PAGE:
sudo apt update
sudo apt install apache2

With Apache, you can use mod_proxy, mod_proxy_http, and mod_proxy-connect to enable a proxy without writing any code. First, enable the modules:

sudo a2enmod proxy
sudo a2enmod proxy_http
sudo a2enmod proxy_connect

Then, create a new VirtualHost file:

cd /etc/apache2/sites-available/
sudo cp 000-default.conf proxy.conf

Open the proxy.conf file in your favorite editor and write the following code:

<VirtualHost *:80>
	ServerName localhost

	ServerAdmin admin@localhost
	<IfModule mod_ssl.c>
    	SSLEngine off

	ErrorLog ${APACHE_LOG_DIR}/error.log
	CustomLog ${APACHE_LOG_DIR}/access.log combined

	ProxyRequests On
	ProxyVia On

	<Proxy *>
    	Order deny,allow
    	Allow from all


Take note of these lines:

ProxyRequests On
ProxyVia On

<Proxy *>
	Order deny,allow
	Allow from all

By setting ProxyRequests to On, you tell Apache to act as a forward proxy server. The ProxyVia directive adds a Via header to audit the request path in a chain of proxies. The <Proxy> control blocks declare who can access the proxy. For this example, any host can access the proxy, but you can block certain hosts or even set up authentication. For more information, check out the official docs.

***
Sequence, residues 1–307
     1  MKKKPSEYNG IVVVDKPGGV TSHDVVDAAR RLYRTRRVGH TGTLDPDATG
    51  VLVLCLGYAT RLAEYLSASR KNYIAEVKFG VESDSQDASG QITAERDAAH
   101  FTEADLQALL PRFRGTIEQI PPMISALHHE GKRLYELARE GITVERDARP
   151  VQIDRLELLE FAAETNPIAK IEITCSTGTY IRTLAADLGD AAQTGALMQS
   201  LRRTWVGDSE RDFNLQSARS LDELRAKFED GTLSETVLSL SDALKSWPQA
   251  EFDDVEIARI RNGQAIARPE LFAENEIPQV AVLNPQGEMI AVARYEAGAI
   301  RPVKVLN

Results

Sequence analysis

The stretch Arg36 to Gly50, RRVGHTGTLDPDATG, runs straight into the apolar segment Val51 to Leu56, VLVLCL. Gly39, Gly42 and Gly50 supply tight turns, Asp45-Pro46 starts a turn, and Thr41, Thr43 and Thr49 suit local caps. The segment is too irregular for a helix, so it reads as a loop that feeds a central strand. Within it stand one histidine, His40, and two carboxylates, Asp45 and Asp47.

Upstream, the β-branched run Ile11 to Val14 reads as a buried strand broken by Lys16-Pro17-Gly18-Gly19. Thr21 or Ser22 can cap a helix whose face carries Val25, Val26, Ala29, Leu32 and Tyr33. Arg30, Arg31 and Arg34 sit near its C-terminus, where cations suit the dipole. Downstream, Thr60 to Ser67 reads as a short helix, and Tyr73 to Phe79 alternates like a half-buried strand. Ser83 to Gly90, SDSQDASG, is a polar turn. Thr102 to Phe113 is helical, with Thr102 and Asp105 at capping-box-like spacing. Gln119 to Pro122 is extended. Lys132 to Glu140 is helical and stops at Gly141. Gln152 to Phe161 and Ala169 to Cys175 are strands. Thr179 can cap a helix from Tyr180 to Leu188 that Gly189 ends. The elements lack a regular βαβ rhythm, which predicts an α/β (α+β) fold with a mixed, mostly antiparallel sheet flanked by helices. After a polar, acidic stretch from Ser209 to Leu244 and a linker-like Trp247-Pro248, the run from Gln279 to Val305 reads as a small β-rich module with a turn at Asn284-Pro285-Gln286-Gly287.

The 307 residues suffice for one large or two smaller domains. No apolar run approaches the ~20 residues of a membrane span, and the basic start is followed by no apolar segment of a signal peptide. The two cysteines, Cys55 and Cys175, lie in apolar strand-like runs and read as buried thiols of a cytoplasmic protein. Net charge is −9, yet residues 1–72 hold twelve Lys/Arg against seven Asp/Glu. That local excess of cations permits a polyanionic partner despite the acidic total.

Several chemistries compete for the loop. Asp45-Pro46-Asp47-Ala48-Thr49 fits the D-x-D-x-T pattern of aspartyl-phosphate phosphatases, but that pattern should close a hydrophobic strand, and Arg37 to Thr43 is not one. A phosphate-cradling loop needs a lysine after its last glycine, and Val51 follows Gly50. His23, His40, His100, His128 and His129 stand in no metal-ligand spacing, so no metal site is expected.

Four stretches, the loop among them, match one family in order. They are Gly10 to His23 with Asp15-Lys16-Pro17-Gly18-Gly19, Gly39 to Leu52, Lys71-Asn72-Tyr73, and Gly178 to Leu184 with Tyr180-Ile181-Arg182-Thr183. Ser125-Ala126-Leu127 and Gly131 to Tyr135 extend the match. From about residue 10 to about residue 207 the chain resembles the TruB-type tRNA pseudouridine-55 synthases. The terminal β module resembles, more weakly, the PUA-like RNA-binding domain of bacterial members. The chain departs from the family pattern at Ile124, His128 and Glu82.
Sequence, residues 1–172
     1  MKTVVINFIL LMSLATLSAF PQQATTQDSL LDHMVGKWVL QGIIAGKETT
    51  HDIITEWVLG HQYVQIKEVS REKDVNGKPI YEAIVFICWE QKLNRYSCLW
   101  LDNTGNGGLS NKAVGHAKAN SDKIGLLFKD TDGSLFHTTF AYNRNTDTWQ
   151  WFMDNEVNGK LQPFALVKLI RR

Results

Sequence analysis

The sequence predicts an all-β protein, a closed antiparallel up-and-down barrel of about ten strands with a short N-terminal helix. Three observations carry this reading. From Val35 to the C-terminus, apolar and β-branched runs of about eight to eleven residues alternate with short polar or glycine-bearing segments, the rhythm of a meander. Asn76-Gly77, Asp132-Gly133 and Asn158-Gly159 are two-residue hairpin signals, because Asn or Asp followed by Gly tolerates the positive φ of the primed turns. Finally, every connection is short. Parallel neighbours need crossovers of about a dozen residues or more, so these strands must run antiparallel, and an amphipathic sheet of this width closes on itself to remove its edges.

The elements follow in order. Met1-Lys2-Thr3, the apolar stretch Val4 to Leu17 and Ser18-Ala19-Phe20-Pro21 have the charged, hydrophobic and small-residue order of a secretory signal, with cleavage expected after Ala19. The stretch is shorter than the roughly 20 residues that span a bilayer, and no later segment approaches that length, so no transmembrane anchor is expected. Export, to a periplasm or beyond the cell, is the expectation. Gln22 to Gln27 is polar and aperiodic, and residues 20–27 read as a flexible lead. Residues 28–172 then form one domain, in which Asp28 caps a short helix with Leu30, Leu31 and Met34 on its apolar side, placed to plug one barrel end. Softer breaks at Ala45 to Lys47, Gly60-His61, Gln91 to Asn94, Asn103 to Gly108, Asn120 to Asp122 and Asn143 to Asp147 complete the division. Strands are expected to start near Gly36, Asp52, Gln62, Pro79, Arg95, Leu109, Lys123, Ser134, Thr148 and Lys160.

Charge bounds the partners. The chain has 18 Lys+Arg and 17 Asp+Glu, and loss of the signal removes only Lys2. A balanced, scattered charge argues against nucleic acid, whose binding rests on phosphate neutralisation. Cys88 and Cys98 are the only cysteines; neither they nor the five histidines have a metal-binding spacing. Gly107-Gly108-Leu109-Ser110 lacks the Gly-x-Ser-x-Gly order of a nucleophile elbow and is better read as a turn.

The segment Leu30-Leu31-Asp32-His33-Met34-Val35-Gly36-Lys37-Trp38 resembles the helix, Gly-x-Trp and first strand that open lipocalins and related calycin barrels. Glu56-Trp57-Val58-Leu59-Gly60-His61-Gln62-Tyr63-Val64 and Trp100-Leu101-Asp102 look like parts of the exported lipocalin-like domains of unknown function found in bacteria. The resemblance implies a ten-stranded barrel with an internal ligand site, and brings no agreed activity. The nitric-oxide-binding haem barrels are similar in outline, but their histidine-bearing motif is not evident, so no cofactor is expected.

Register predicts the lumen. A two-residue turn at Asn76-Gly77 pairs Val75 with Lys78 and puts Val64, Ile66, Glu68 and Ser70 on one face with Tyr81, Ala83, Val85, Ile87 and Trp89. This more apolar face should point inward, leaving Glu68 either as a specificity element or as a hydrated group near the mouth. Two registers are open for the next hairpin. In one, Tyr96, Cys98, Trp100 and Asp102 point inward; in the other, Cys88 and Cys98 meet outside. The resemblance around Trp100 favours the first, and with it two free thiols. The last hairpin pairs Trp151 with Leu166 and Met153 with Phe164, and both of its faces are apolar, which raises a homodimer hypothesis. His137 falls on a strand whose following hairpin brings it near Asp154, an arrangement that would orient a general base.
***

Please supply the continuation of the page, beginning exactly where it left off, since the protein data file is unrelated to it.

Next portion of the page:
Next, you need to enable the VirtualHost:

sudo a2ensite proxy.conf
service apache2 reload

And voila! Your proxy is ready. Now, let's test it out. Open a terminal and make a cURL request to with localhost:80 as the proxy server:

curl -x localhost:80 # The -x parameter sets the proxy server

You should get the following output:

  "args": {},
  "headers": {
	"Accept": "*/*",
	"Host": "",
	"User-Agent": "curl/8.1.1",
	"X-Amzn-Trace-Id": "Root=1-65094ba7-1676f27d7b6ba692057a7004"
  "origin": "",
  "url": ""

As you can see, this is a response from The proxy server passed the request to the site and returned the response.